Here’s why it’s a crucial step

Cochin: Last week, Tamil Nadu notified India’s first-ever dugong conservation reserve in the Palk Bay region of the Gulf of Mannar, which lies between Sri Lanka and the southern tip of India.

Dugongs are marine mammals that graze on seagrass beds in the ocean. According to marine biologists, the decision to declare the dugong reserve – although “political” – was long overdue. Notification of these conservation reserves is important because they support local communities as important stakeholders, they said.

Mermaids in the sea

Dugong (Dugong dugon) – believed to have inspired mermaid myths among ancient sailors – are marine mammals that live in small groups in shallow waters. They are also called sea cows: a term that reflects the ecological role they play, being oceanic herbivores that nibble on seagrass beds in seagrass beds. They can be up to 3.5 meters long and weigh around 300 kg.

But although the animals are distributed in many parts of the Indo-Pacific, they are listing as vulnerable in the IUCN Red List of Threatened Species due to their declining population worldwide. The species is already extinct in China. The dugong population in India is also declining: there are only around 200 dugongs left, according to some estimates. In Indian waters, you can spot dugongs near the Andaman and Nicobar Islands and off the coast of Tamil Nadu in the Gulf of Mannar and Palk Bay.

Here in Palk Bay, in a small patch of about 450 square kilometers, will be the country’s first dugong conservation reserve. In an order published in the September 21 state gazette, Tamil Nadu notified the dugong conservation reserve and delineated the boundaries of the area that will rise off the coastal districts of Thanjavur and Pudukottai.

“We conceptualized this species-based conservation reserve to protect this critically endangered marine mammal and its vital seagrass habitats with the support of local coastal communities comprised primarily of fishers and their families,” said Shekhar Kumar Niraj. Thread. Niraj was the Principal Chief Conservator of Tamil Nadu Forests when the decision to designate the Dugong Conservation Reserve was made. “In [the] In the long term, the conservation reserve will provide vital support to TN’s coastal environmental security.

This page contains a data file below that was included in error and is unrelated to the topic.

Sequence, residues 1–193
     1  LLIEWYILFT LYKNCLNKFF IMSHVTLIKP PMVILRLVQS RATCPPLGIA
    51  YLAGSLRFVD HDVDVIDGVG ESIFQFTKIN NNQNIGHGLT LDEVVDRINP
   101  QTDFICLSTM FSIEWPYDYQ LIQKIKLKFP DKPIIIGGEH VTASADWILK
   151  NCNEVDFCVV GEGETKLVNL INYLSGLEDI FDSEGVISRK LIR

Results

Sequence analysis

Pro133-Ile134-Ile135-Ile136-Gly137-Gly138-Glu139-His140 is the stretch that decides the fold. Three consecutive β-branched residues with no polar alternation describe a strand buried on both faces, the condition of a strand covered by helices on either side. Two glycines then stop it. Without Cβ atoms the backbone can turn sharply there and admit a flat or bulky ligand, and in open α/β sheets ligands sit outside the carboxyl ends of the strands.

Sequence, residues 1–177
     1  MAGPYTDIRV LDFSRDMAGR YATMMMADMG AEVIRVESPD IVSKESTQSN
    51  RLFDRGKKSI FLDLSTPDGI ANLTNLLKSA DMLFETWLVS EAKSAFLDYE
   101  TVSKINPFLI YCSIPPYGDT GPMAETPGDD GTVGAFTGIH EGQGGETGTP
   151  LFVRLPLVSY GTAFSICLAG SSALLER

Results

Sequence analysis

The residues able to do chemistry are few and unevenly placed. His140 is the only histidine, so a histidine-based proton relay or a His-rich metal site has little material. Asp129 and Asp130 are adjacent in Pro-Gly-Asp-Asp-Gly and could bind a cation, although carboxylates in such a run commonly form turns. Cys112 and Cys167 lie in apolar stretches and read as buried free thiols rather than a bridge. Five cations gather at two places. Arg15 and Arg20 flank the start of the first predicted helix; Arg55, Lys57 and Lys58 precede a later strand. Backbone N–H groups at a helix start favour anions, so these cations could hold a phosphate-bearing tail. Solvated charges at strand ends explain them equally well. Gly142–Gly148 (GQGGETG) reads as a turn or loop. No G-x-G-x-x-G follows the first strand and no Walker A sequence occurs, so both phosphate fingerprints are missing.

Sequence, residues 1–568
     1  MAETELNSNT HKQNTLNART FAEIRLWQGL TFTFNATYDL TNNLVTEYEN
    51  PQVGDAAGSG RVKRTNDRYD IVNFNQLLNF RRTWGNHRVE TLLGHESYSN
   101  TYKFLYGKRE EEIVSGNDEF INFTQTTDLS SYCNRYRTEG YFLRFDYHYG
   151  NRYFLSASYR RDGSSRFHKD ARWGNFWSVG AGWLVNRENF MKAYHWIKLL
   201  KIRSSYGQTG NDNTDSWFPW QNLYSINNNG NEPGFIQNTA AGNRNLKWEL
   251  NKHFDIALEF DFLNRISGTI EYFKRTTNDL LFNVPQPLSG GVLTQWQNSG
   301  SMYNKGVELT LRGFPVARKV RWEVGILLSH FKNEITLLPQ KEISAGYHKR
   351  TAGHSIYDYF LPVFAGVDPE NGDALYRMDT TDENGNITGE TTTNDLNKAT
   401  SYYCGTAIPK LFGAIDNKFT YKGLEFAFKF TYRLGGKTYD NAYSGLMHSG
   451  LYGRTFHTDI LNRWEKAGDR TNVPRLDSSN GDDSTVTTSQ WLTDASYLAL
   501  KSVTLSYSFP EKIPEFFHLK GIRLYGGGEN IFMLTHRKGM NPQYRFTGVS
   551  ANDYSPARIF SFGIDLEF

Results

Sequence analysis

According to the gazette order, the protection of dugongs and seagrass beds in this area will also contribute to “the farming of commercially valuable fish, crabs and shrimp, thereby benefiting thousands of small-scale and marginal fishers, who depend on the productivity of fishing for their daily lives”. livelihoods in coastal areas”.

“The designation of a conservation reserve – which sees people as important and responsible stakeholders in the conservation of dugongs – is a good thing. Photo: Tony Hisgett/Flickr (CC BY 2.0)

Notification “for a long time”

Decision to finally notify dugong conservation reserve comes more than a year after Tamil Nadu has announced its decision to do so. The notification was long overdue and talks to designate such a reserve have been underway for three years, said Vardhan Patankar, an independent marine biologist who has studied dugongs in the Andaman and Nicobar Islands. Notifying the reserve takes on even greater importance due to the many threats that endanger dugongs in these waters, despite the species being listed in Schedule I of the Wildlife Protection Act 1972 ( which gives it protection comparable to that of tigers in India).

Gillnets are one of them. Being mammals, dugongs need to surface every three or four minutes to breathe. However, fishermen often set gillnets at night in shallow waters. Dugongs that surface become entangled in the nets and die. Nets are one of the main killers of dugongs in the area, Patankar said.

The newly declared conservation reserve for dugongs is a heavily fished area, he added. However, the state government has carried out extensive consultations with local communities and fishermen.

“There is a buy-in when it comes to fishermen,” Patankar said. Thread. “Because this is a community conservation reserve, people can still use the area for fishing even if they have to take steps to protect dugongs from fishing-related mortality.”

In this light, designation as a conservation reserve – which sees people as important and responsible stakeholders in the conservation of dugongs – is a good thing, as opposed to declaring the area a marine protected area which restricts fishing activities and thus embitters the local populations. communities, Patankar added.

According to him, the new dugong conservation reserve will also count as a OECM – or Other effective area-based conservation measure. OECMs do not fall within the network of protected areas (unlike wildlife reserves or national parks) but focus on the in situ conservation of biodiversity through sustained and long-term management bearing in mind locally relevant aspects such as as socio-economic and cultural factors. OECMs are part of the “30×30” target of the post-2020 global biodiversity framework of the Convention on Biological Diversity, to which India is also a signatory. The “30×30” objective aims to protect and conserve 30% of the world’s terrestrial, freshwater, coastal and marine ecosystems.

So, the dugong conservation reserve is something of a “political move” that “looks good on paper” and also adds to India’s climate change mitigation measures, Patankar commented. However, it is still a crucial step for dugong conservation, he added.

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